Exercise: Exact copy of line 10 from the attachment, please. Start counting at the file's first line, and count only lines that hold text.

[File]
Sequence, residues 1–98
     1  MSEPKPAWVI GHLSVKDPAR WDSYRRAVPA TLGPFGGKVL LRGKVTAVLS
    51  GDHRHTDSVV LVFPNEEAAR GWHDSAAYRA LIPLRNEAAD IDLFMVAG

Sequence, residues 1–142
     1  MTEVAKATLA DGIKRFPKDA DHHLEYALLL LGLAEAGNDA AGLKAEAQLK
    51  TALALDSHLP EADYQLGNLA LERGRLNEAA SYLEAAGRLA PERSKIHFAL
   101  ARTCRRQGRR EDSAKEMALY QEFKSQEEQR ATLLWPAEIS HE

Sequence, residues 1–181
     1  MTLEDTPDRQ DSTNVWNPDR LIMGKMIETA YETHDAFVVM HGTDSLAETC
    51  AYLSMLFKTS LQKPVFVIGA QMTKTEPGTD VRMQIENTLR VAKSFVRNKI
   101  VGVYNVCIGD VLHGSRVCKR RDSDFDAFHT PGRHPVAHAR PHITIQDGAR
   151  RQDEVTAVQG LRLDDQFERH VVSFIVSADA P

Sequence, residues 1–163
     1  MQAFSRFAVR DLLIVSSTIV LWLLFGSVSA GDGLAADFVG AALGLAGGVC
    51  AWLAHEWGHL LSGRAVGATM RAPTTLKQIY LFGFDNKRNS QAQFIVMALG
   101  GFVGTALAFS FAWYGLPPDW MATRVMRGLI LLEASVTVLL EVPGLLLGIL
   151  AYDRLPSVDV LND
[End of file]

    51  AYLSMLFKTS LQKPVFVIGA QMTKTEPGTD VRMQIENTLR VAKSFVRNKI